Covid-19: Masking requirements to be lifted on French transport, European flights
Face masks will no longer be required on trains, planes and metros in France starting on May 16, the health minister said Wednesday. Mask-wearing requirements are also set to be lifted in airports and on flights in Europe the same day, the EU Aviation Safety Agency said.
"From Monday, May 16, masks will no longer be mandatory for all public transport," Health Minister Olivier Véran said after a weekly cabinet meeting on Wednesday.
"Wearing a mask remains recommended," he added, but the rule is "no longer appropriate" given the large drop in Covid cases recently.
France began easing its strict face mask rules in February after a winter surge in cases, but for weeks they were still required at the workplace or in schools until infections declined further. Masks as well as a health pass proving vaccination status are still required for entering hospitals, and people who test positive must still self-isolate for at least seven days.
On Tuesday, 56,449 new cases were reported over the previous 24 hours, mainly the Omicron variant, despite a concerted vaccination campaign that has seen 79.3 percent of the population receive all three required doses, according to health ministry data.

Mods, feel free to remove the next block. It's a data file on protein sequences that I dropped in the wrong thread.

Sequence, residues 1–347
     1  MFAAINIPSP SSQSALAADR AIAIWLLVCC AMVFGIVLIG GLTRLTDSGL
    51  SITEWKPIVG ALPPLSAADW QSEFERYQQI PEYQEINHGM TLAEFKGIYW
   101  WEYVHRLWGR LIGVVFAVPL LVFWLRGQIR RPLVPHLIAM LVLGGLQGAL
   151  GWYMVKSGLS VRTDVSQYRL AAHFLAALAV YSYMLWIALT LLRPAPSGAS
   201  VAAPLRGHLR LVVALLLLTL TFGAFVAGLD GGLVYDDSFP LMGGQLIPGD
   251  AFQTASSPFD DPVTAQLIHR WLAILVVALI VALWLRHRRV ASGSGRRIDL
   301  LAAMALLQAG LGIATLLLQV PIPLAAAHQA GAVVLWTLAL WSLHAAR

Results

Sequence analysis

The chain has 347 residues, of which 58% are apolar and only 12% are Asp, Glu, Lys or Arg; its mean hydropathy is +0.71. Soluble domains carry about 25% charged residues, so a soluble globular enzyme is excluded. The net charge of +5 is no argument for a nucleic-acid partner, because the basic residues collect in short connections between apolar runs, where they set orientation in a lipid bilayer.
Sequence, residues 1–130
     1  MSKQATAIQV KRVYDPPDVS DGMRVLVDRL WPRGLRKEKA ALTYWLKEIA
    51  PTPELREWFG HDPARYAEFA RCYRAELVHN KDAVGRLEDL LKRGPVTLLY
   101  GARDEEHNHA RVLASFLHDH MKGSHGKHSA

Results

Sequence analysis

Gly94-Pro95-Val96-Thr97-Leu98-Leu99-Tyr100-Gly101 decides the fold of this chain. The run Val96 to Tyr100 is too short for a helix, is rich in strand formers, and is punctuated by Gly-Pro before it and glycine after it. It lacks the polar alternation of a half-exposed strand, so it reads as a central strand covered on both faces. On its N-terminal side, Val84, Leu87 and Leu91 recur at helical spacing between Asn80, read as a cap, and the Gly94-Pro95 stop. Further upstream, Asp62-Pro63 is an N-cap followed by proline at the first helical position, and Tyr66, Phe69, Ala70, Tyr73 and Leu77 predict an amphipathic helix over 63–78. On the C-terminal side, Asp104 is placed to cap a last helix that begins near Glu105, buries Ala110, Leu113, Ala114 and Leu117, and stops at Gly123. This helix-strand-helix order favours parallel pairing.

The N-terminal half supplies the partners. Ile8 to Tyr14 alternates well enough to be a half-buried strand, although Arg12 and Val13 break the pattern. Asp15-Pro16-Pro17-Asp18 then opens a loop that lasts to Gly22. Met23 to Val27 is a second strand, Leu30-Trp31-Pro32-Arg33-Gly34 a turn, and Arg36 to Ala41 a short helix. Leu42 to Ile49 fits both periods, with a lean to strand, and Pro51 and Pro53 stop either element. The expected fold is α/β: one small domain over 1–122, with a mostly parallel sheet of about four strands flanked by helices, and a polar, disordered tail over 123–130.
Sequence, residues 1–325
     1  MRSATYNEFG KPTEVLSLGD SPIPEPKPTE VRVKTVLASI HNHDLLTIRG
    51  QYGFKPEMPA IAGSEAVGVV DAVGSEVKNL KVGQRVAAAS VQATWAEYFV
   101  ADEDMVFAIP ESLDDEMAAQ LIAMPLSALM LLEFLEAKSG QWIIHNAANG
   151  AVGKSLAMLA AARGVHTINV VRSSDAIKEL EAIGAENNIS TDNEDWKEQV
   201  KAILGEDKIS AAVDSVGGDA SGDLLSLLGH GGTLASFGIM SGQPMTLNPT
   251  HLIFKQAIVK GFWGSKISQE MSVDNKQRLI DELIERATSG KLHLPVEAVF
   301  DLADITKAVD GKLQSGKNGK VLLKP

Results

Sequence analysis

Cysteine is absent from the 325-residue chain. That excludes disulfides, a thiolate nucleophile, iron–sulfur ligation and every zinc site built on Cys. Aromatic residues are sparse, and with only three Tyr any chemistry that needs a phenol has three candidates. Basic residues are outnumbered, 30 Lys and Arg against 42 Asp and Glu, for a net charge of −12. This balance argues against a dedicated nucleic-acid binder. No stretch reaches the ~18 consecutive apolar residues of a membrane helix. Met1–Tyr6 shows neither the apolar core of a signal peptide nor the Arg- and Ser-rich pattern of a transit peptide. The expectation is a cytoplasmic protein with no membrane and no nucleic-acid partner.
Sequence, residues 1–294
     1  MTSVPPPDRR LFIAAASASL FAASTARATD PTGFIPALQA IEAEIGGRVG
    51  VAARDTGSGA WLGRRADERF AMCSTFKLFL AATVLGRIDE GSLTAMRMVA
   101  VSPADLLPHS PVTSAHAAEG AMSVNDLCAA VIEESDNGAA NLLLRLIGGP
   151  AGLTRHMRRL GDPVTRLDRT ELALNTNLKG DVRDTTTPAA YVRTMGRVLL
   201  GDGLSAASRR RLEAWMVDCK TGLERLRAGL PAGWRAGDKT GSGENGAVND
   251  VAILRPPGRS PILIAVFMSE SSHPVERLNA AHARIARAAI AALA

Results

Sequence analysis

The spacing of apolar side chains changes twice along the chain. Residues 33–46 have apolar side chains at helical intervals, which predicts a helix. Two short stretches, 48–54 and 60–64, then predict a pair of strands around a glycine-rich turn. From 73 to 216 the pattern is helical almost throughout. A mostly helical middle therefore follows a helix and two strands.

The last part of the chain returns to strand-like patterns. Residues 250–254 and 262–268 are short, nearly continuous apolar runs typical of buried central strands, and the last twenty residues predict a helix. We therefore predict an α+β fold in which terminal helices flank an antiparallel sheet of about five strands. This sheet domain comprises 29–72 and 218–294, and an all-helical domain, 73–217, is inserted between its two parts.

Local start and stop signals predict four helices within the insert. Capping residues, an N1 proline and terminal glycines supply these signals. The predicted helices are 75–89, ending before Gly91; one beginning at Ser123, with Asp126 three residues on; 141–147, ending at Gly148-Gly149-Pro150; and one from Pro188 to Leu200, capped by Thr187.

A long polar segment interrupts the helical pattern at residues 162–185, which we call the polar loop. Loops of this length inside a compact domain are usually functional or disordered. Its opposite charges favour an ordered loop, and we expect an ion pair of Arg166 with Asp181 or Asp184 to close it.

In March authorities began offering a fourth vaccine dose to people age 80 and over, and Véran said a new booster campaign for the general population could be necessary in the autumn depending on which new variants emerge. France has recorded just under 147,000 Covid deaths since the outbreak emerged.
France's move comes amid an easing of travel and sanitary restrictions throughout Europe. Face mask requirements are set to be lifted in airports and on flights in Europe, the European Union Aviation Safety Agency (EASA) and the European Centre for Disease Prevention and Control said Wednesday.
Those new recommendations will also come into effect on Monday.
"From next week, face masks will no longer need to be mandatory in air travel in all cases, broadly aligning with the changing requirements of national authorities across Europe for public transport," EASA Executive Director Patrick Ky said in a statement.
(FRANCE 24 with REUTERS and AFP)